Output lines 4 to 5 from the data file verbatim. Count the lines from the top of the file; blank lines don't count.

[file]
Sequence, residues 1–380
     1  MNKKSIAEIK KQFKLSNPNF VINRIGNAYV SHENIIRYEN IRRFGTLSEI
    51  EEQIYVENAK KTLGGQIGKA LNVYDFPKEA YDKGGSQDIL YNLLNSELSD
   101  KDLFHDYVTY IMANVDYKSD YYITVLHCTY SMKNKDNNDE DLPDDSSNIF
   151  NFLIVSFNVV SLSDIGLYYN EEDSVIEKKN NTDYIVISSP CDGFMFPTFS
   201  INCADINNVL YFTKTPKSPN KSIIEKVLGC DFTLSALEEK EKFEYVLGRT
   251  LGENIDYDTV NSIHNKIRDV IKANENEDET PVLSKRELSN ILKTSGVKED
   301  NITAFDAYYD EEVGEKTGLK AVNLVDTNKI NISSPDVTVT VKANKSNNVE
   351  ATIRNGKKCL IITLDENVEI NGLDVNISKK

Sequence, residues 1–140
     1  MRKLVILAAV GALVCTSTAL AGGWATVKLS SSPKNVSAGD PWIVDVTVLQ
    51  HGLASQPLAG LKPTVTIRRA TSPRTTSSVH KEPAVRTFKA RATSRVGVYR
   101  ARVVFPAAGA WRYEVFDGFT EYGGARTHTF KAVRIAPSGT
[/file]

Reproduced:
   101  KDLFHDYVTY IMANVDYKSD YYITVLHCTY SMKNKDNNDE DLPDDSSNIF
   151  NFLIVSFNVV SLSDIGLYYN EEDSVIEKKN NTDYIVISSP CDGFMFPTFS